3.  Not selling alcohol, cigarettes or dangerous things like fireworks or weapons

4.  Helps people in conflict (war, civil unrest, terrorism) zones

5. Helps with poverty and homelessness (we use the United Nations Development Programme’s Human Development Index www.undp.org and HDR.undp.org/data/explorer (use the map icon at the top to see the map) to see where the country is ranked on the HDI scale)

lending rubric screen shot

You can download our lending rubric here


We took Bill up on his very generous offer to Skype with our class.  It was a  really big deal for my students (and me too!)  We had been working very hard at our KIVA project (www.kiva.org) for the past few weeks and had made our first and second loans.  Our first loan was to “Hawa” in Sierra Leone and our second was to “Charlotte” in Rwanda.  They are both reselling grains and food staples to earn money for their children to attend school.  The students now had the hang of how to lend and were ready to move on to more challenges.

And today,our day to Skype with Bill Ferriter’s Salem Middle School Kiva Club in North Carolina had finally arrived!  I have to give a shout out to my friend, mentor and grade 3/4 partner in crime Robyn Thiessen and to my fantastic and brilliant preservice teacher Sarah Dalzell for their help with testing the set up for the Skype session.  Thanks ladies!  Not only did they help make sure that the set up worked and all the students could be seen on the screen, but they helped keep me grounded 🙂 (As Sarah would say, “my amygdala was freaking out!”  yup, that was me today!)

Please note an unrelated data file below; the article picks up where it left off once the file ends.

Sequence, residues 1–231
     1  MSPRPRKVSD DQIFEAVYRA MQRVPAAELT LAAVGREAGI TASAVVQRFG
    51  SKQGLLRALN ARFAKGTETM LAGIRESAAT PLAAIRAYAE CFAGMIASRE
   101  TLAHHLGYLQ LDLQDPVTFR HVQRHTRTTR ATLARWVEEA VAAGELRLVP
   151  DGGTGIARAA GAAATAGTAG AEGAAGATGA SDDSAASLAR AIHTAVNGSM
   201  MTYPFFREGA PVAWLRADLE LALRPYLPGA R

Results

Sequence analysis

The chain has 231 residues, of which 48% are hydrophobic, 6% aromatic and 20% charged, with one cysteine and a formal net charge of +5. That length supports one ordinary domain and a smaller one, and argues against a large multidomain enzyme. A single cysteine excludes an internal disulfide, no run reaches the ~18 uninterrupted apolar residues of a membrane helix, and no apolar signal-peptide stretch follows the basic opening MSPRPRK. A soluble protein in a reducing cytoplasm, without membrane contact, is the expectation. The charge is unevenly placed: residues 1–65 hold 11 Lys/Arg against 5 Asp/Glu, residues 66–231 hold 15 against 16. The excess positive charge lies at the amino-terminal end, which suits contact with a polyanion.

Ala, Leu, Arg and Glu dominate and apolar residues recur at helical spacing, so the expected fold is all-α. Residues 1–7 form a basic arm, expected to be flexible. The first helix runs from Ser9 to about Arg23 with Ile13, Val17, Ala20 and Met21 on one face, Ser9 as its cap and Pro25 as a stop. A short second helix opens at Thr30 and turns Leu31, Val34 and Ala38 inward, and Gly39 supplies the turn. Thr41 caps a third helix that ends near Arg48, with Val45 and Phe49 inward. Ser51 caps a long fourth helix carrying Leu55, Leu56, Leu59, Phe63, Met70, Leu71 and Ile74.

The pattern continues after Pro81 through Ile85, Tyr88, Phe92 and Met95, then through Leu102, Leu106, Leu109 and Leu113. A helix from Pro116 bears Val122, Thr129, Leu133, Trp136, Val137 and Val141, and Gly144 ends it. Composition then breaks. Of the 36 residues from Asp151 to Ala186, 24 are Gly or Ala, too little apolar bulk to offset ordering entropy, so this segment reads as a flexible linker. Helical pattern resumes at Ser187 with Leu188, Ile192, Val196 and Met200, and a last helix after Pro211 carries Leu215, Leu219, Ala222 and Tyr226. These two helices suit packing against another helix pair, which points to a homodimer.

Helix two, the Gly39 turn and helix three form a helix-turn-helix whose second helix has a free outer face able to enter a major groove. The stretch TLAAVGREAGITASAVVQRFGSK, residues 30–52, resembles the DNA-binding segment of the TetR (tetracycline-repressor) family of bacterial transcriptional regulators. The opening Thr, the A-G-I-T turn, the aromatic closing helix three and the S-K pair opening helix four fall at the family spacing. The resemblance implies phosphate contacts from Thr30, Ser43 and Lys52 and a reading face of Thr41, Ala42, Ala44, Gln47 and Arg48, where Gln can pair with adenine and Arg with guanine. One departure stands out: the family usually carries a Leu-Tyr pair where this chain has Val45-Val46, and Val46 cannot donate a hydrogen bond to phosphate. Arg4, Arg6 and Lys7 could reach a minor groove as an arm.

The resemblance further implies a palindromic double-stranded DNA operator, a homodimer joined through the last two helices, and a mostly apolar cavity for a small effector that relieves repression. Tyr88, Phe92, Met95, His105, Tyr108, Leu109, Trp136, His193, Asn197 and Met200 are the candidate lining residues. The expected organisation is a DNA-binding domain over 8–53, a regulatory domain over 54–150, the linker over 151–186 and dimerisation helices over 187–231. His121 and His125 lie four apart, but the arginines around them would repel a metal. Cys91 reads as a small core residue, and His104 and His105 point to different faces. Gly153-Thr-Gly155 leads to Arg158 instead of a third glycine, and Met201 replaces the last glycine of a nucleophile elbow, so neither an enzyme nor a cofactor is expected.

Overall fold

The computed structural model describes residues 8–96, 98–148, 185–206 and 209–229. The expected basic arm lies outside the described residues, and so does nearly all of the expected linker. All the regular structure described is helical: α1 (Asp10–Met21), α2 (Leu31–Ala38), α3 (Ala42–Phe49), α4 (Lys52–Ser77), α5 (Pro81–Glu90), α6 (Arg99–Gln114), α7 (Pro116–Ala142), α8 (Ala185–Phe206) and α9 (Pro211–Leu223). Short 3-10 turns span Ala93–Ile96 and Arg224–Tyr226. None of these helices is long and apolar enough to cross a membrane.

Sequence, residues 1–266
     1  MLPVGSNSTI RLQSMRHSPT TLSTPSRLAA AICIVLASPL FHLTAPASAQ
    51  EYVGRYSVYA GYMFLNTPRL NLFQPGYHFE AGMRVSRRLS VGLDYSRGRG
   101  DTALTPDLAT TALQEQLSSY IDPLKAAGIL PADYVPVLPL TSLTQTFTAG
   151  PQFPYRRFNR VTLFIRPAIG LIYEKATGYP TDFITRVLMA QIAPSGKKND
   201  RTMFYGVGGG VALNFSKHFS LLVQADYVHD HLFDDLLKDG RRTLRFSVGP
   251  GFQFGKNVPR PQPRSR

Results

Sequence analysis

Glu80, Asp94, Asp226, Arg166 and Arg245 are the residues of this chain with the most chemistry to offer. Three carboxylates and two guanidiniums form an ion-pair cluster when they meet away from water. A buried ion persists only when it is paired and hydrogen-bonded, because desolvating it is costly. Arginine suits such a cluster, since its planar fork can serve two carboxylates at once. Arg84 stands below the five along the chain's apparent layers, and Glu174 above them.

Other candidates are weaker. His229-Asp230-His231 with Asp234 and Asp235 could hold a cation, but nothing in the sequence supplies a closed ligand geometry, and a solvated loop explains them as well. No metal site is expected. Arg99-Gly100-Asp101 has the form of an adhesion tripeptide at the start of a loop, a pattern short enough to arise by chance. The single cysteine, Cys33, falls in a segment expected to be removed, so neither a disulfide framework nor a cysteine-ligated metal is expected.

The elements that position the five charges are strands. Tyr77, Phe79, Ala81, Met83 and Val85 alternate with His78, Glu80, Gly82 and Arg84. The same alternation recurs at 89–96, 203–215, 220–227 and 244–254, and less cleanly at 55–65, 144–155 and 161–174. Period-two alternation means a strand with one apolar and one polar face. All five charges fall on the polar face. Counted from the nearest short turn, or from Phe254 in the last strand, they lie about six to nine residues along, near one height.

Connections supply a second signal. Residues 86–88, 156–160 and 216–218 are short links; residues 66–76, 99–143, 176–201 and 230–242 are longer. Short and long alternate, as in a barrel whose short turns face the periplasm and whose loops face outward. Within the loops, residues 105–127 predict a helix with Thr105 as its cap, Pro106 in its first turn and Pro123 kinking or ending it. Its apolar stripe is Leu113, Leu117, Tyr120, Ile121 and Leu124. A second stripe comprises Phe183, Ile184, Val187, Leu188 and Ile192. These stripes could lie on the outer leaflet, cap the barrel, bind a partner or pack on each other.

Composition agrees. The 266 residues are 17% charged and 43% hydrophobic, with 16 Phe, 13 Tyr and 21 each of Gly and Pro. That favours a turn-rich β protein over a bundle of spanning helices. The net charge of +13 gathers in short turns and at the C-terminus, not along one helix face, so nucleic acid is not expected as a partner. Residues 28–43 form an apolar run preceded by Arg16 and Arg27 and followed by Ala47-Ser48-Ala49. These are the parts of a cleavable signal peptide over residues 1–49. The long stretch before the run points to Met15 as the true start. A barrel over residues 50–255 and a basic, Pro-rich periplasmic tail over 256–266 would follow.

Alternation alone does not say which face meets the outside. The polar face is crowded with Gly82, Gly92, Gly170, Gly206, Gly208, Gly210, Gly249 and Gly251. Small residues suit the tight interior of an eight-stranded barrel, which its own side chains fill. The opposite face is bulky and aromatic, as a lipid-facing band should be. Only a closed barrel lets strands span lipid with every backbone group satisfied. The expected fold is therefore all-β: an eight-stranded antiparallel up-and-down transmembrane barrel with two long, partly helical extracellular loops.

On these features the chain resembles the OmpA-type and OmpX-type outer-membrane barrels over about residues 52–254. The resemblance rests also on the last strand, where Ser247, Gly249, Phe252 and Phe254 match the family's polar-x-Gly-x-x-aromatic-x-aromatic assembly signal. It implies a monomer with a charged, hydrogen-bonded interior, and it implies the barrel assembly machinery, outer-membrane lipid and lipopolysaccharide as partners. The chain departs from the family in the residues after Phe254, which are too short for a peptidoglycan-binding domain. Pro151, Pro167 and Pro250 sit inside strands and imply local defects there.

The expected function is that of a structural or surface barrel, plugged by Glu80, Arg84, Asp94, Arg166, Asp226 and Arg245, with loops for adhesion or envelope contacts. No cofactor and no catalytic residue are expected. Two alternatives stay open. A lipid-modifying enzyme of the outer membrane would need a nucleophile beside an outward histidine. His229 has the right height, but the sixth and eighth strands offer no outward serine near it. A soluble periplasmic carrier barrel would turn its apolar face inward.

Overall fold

We spent the first part of the morning developing questions to ask Bill’s Kiva Club:






Boy, did they have a lot of questions!  We then narrowed down our list and chose speakers to ask each question.

Here is page one of our final list of questions:


The clock ticked slowly and the class was so patient waiting for the call to come through.  They jumped and were all smiles when the computer started chirping the Skype ring tone!  The Skype was brilliant because Bill was his usual chill, fun self and immediately put us at ease.  His students Ashley, Emma and Anthony were incredibly well spoken with their prepared presentation and answered our questions clearly and in language that grade three’s could understand.  Here are a few photos of the session: